During this challenging time, we need to make sure our infrastructure is available for our quickly evolving remote workforce while ensuring security and compliance.
Many organizations have sent devices home with employees so they can work remotely. Your standard monthly Windows and security updates — typically distributed across a high speed, corporate network — can now potentially create bandwidth and user performance issues if received over the corporate VPN. It’s critical to maintain patching and compliance schedules while minimizing traffic spikes over your VPN that can cause connectivity and performance issues.
In the below charts, you can see a real-world example of how customer’s traffic quintupled in the last few weeks as all employees began working remotely and connecting via the corporate VPN.
The graphic below shows the customer’s devices connecting via VPN or internet-based clients. The goal to reduce load from the VPN would be to shift clients from the intranet MP (orange) to either the Internet MP (green) or the Cloud Management Gateway (blue).
When you are sending updates to these remote clients, the network undergoes further strain. For example, I recently spoke with one of my coworkers, whose wife works for a state government agency. Their remote system access was completely choked last Friday as the VPN could not handle the simultaneous influx of traffic. While she was happy enough to call it a weekend early, that kind of disruption should not become the norm for remote work.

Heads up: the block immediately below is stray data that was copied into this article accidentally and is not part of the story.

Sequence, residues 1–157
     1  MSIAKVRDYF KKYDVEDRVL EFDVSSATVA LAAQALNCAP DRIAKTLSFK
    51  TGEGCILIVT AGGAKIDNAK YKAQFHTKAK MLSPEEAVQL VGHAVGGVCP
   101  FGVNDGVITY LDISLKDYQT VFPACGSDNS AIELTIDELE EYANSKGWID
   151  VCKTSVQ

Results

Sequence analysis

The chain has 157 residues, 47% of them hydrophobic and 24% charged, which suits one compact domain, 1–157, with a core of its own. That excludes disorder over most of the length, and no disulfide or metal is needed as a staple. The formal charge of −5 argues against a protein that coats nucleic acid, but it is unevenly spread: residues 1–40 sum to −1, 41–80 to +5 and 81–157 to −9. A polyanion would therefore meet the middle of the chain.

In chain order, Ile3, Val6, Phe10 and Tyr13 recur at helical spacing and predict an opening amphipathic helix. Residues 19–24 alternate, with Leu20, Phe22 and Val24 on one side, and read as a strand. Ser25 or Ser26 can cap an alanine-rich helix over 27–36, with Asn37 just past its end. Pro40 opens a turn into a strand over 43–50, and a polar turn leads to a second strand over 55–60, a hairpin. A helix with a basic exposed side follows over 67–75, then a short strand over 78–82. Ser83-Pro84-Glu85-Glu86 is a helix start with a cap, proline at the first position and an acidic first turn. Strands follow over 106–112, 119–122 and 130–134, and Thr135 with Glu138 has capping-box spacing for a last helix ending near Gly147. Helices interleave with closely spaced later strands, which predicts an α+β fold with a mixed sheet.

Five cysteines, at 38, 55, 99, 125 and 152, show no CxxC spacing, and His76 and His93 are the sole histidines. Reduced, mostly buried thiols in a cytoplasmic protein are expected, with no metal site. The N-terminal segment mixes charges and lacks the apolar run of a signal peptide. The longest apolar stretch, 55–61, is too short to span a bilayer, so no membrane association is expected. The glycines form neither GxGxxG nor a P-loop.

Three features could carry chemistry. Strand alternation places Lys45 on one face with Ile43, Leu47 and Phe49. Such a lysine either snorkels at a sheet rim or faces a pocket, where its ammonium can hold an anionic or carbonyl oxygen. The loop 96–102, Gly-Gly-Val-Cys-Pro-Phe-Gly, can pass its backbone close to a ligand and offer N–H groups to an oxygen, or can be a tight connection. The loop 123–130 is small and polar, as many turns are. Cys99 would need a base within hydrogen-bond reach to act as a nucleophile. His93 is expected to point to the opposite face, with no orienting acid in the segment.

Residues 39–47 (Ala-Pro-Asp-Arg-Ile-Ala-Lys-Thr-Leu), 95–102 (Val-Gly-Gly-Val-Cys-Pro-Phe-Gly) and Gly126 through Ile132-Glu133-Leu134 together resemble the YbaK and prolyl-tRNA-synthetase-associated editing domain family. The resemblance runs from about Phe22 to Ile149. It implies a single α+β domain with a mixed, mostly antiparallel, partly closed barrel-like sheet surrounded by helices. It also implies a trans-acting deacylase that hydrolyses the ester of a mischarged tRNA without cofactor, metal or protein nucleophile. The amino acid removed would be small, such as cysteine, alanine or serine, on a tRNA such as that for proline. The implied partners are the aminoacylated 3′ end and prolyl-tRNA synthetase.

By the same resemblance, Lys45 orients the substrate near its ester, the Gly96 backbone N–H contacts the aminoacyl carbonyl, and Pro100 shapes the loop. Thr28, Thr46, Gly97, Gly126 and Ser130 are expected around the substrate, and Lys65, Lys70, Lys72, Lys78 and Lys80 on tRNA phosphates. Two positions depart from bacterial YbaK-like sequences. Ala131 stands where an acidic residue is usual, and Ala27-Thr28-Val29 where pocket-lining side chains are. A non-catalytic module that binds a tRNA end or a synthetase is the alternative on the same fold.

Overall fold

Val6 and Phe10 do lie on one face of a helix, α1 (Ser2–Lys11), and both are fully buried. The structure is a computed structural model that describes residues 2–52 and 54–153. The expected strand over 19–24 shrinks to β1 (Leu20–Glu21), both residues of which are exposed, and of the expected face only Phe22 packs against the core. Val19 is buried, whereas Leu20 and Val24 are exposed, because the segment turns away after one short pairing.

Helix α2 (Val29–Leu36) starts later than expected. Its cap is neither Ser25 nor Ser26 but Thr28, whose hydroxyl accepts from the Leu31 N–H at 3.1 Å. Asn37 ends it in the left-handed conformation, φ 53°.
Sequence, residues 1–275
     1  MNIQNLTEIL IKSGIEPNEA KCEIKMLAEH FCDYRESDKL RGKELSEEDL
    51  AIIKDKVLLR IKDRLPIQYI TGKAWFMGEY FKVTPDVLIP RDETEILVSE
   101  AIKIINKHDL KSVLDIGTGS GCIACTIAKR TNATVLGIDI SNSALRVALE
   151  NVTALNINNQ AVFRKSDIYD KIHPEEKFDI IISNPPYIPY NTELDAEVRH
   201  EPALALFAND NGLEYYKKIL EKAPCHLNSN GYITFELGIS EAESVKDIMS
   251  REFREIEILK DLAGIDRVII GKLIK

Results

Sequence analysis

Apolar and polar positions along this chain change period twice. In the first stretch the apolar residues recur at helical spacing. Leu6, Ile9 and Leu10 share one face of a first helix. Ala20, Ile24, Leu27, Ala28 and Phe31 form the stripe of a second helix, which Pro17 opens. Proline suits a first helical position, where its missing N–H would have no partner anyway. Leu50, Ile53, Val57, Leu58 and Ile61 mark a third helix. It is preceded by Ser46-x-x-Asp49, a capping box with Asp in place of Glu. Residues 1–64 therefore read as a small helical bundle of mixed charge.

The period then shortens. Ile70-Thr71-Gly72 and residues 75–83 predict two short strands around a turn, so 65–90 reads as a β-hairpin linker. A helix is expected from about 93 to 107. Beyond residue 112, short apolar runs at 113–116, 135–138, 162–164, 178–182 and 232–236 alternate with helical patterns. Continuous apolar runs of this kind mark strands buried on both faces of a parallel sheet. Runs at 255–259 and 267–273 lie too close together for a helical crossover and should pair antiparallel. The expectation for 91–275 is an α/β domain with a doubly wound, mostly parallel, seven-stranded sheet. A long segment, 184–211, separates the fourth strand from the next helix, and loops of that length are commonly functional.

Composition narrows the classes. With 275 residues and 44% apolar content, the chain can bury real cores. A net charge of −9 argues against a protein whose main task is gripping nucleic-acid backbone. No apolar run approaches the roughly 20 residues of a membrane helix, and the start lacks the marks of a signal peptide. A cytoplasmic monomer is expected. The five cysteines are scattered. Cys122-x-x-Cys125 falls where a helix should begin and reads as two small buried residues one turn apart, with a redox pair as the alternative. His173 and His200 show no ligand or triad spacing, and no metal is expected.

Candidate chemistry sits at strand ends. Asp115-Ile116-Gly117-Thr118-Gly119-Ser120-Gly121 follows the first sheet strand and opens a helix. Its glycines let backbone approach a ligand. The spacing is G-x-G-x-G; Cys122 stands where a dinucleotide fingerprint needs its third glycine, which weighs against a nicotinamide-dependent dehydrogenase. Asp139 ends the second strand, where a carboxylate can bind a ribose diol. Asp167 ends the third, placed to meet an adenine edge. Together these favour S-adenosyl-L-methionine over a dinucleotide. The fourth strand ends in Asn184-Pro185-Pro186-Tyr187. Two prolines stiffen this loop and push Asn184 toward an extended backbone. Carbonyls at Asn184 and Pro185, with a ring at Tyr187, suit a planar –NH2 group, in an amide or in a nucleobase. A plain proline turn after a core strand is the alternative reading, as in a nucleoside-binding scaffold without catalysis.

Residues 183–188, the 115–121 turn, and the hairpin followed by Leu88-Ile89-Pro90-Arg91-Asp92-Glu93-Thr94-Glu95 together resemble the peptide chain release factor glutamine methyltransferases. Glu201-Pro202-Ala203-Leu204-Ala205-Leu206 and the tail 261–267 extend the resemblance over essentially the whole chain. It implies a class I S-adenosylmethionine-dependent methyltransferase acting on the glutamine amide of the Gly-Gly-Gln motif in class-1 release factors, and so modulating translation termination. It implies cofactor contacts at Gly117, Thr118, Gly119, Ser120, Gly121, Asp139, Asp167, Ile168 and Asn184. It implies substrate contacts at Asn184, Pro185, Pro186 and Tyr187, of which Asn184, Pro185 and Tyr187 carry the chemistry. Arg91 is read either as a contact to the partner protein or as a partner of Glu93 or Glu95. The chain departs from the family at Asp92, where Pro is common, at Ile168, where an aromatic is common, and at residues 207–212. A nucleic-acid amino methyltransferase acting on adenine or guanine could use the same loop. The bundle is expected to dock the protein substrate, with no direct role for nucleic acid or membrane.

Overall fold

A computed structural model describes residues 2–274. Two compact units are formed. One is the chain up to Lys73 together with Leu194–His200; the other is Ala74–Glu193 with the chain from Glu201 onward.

There are two System Center tools that help offload on-premise software distribution to Azure cloud resources, reducing the load on your corporate VPN.
A combination of the Cloud Management Gateway and Cloud Distribution Points allows you to manage SCCM clients on the internet and push software content to internet-based clients using a Platform as a Service portal.
This has the dual benefits of cloud-enablement of your content distribution, which reduces the need for traditional on-prem distribution points, while avoiding exposure of your on-prem infrastructure to the public internet.
The 280 clients in the above charts are internet-based and get their content from the Cloud Distribution Point or Microsoft Update. The benefit with this strategy is that the VPN load will be reduced, providing better performance to all remote workers. The VPN clients cause the intranet-connected client numbers to peak by around 1,000 each day. Using traditional patching approaches will result in updates being pushed to these Intranet managed remote workers via the VPN. This will likely put significant load on the VPN and reduce performance, potentially impacting the remote employee’s access to critical business platforms.
Ultimately, Azure and System Center offer several ways to minimize disruption to your network and compute resources as your distributed workforce and corporate owned computing resources require patches and updates. If you need guidance around how best to accomplish VPN optimization or patching and compliance in this new paradigm, Green House Data is ready to help.